A significant sector of the local economy that revolves on the retail of used clothing popularly known as “ukay-ukay” is in peril, as the Criminal Investigation and Detection Group (CIDG) launched an operation targeting the suppliers of the business.
This week, the CIDG confiscated P2 million worth of used clothing in a warehouse in barangay San Jose, citing its violation of an old law, Republic Act 4653, that prohibits the importation of used clothing.
The CIDG vowed it will continue to target the major suppliers of the business, triggering complaints from downstream retailers including online entrepreneurs who have found a niche market doing live-selling via social media platforms.
P/Maj. Richard John Macachor pointed out that they will only be targeting the suppliers and not the sellers. He underscored the health danger posed by imported used clothing materials.
“Sino ang mga sources? Iyon lang naman ang iniimbestigahan natin. Kasi marami naman ang nagbibenta pero tinatarget namin is ‘yong malalaking sources. Kapag walang sources, matitigil ‘yong ganon practices. This is nag-i-endanger sa health issues ng karamihan kasi hindi natin alam kung contaminated ba ito ng mga sakit o viruses,” he said.
Macachor insisted that ukay-ukay shops are illegal, and questioned why shops operating of these products are given local permits.
“Maaari kasing na-overlook lang ito sa previous administration, previous chief—napapanahon ito dahil sa pandemic, because of the health issues. Iyon talaga, health issues ito. Kung marami ang kumikita, of course, sabi ko nga, kung gusto magnegosyo ay tingnan niyo rin. I’m sure, the city (will) agree with me na tingnan din natin ‘yong batas. Meron palang batas na ganito,” he said.
“On our part, we are not medical experts pero nakakakita kami na maybe, itong proliferation ng used clothings, baka it contributes to the spread. Hindi ito ‘yong conclusion. Meron batas na ganito, bakit hindi namin i-implement, maaaring ito ang makatulong,” he added.
Widespread effect of crackdown
A woman entrepreneur who runs an ukay-ukay shop, who asked not to be identified, said she had been running the business for the last three years.
“Mawawalan kami ng trabaho, ito lang naman ang inaasahan namin sa boarding house namin at kung mawawalan pa kami ng trabaho, ang hirap naman para sa amin. Bago lang din sa amin (‘yong batas). Sana ay huwag nila ipagbawal kasi number one, kami ang mawawalan ng trabaho, kawawa naman kaming ordinary sales lady at mawalan pa kami ng trabaho,” she said.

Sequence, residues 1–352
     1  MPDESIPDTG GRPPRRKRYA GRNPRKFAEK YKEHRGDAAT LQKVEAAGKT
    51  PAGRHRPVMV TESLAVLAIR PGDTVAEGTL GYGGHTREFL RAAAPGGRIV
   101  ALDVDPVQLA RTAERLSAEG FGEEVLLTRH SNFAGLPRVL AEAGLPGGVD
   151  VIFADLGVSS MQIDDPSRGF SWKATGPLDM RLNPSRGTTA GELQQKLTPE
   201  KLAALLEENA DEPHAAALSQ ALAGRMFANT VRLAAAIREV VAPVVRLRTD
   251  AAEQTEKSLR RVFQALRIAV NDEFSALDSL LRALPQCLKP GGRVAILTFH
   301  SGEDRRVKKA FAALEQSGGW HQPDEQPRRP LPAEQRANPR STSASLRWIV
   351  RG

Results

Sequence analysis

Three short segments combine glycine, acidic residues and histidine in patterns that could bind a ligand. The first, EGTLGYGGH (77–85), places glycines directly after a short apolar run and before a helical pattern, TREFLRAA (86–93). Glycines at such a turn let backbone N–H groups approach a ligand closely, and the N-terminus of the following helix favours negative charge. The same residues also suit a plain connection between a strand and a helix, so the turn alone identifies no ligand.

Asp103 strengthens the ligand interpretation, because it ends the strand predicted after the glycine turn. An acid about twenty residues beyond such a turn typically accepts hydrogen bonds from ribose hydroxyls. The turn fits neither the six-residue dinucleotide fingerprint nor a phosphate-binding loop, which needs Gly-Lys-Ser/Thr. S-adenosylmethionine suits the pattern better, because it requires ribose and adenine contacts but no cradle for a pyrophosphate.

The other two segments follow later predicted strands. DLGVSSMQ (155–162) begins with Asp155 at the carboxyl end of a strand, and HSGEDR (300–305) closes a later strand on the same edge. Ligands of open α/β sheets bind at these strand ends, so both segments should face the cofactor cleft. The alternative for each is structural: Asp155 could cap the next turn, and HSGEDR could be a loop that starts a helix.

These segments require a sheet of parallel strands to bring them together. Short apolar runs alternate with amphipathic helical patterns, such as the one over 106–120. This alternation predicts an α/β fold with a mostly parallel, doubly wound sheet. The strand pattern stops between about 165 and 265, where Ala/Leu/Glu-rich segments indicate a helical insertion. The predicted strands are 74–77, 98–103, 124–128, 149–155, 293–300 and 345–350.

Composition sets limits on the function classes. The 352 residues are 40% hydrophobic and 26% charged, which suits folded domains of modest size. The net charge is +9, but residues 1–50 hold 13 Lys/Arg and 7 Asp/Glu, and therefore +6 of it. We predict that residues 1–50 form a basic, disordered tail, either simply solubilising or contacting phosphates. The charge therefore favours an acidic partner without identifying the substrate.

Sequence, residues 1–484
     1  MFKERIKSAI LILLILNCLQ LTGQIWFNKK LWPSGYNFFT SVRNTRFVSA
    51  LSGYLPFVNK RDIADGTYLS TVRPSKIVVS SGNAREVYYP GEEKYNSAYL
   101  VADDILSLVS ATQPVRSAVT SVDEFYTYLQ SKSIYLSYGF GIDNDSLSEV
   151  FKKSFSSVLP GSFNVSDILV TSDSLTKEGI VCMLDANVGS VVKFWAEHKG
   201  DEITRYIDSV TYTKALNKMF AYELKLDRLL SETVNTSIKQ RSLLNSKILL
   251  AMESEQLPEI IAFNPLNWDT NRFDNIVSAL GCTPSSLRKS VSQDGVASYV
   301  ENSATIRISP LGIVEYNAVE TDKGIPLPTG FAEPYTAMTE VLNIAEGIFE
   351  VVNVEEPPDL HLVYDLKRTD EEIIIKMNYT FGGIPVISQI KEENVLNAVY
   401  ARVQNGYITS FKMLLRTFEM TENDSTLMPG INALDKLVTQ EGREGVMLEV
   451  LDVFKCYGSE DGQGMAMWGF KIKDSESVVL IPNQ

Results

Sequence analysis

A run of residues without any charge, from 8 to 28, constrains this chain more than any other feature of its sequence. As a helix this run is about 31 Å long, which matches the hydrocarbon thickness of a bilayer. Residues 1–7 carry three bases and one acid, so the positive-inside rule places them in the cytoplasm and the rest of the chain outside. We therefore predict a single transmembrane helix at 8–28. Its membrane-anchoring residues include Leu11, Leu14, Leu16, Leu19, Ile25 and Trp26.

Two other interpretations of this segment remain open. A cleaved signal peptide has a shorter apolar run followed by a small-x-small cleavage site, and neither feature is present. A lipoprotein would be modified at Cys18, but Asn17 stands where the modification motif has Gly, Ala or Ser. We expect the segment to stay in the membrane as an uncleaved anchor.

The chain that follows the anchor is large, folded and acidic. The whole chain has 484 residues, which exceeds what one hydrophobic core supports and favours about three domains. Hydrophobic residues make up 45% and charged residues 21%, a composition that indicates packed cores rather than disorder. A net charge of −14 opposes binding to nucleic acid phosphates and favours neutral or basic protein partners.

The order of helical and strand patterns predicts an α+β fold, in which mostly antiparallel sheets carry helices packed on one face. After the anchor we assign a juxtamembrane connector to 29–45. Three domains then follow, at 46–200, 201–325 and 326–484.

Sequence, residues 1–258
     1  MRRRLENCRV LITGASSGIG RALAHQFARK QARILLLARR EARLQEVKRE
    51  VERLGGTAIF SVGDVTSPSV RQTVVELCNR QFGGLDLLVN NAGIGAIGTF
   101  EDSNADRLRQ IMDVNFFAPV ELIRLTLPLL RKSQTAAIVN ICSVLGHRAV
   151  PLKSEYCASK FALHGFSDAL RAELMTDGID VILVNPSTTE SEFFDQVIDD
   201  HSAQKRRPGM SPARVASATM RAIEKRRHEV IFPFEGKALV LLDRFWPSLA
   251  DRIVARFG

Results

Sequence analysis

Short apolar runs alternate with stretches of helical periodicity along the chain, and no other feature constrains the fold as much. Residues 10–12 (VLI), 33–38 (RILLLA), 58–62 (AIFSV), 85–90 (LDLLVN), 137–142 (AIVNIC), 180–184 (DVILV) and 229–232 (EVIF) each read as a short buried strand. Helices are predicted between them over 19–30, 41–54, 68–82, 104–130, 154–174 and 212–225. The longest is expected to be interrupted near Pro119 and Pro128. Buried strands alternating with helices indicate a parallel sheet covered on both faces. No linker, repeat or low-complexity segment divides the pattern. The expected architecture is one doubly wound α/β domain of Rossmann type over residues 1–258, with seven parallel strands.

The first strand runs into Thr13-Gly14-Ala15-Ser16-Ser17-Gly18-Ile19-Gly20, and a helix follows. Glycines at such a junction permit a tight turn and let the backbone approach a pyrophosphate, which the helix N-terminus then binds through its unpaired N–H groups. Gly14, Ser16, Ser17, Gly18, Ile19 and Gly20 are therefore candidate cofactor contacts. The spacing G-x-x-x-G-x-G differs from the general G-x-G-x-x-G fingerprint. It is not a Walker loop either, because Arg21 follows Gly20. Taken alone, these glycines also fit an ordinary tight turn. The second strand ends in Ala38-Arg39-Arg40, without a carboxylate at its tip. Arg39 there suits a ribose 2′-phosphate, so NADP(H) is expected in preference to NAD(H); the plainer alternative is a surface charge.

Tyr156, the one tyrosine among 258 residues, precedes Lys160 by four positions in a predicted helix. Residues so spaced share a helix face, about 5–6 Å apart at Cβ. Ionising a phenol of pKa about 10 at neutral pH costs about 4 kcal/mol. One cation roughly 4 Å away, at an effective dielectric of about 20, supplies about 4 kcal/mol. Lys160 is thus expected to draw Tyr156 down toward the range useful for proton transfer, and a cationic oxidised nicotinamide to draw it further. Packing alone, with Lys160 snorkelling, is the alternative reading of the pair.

Selling of ukay in stores is legal
Atty. Arnel Pedrosa, city administrator explained that selling “ukay” is legal presuming that it already complied with the needed requirements before entering the city.
The regulation of the city government is through providing clearances such as coming from DTI and Bureau of Fire Protection and their compliances with the building code and sanitation.
“Kapag dumating na ‘yan dito, nagkaroon na ng presumption of regularity na lahat ng duties niyan, taxes, and clearances na pinagdaanan ng merchandise or articles na ‘yan ay na-comply. Kapag ‘yan ay nasa tindahan at all display na, ang pwede na lang gawin ng city government diyan ay i-regulate,” he said.
“With regards to the source kung ‘yan ay imported ba o hindi, hindi namin malalaman ‘yan. Pero kapag dito na ‘yan sa lungsod, ang presumption diyan ay dumaan ‘yan sa mga ahensya na dapat daanan,” he added.
Pedrosa said the CIDG operation should prove if the supplies in the warehouses are imported without proper documents, did not go through BOC, or failed to pay excise tax or whatever tax imposed during their importation.
But if the product is already on display, Pedrosa said they can no longer determined whether it is imported or not.
“Dapat doon pa lang tingnan agad, sa origin ng merchandise na ‘yan, ng used clothing na ‘yan. Dapat doon pa lang na-check na ‘yan hindi ‘yong dito na lang nila papansinin. Naka-display na, for sale na, may bumibili na. Hindi magandang sistema ‘yon, pangit na sistema ‘yon,” he said.
“Oo syempre, ang presumption niyan ay legal. Idi-display ba ‘yan diyan nila kung ang kanilang merchandise o item nila ay illegal? Saan ka nakakita na nakaw ang (produkto) mo, ibibenta mo openly? Hindi maganda ‘yong reason mo kung magbibenta ka ng nakaw o smuggled na tinatawag—at ‘yong iba pang requirements niyan na ini-impose under law and ordinance, lumalabas ang presumption niyan ay legal, legit ang transaction mo,” he added.
Pedrosa stressed that if the store will be proven selling smuggled articles or merchandise, it will be ordered for closure.
Online sellers plight
Online sellers have proliferated during the pandemic as people stayed home and became more active on social media.
Lorena Jardino started selling apparel in 2020 from local suppliers and is afraid that it would be stopping anytime soon.
“Malaki rin talaga epekto kasi kagaya niyan, paisa-isa lang ang nabibili ko na bundle. Nag-iisip din kami kung saan kami makakakuha ng mabibilhan namin or hindi naming alam kung makaka-online selling pa rin ba kami. Nalungkot din kami kasi ‘yon na lang ang hanapbuhay namin sa araw-araw na kinukunan din namin ng pang-gastos,” she said.
“Oo (threat) talaga. Nag-online pa rin ako pero hindi na tulad ng dati, patago-tago kay baka bigla kami sitahin,” she added.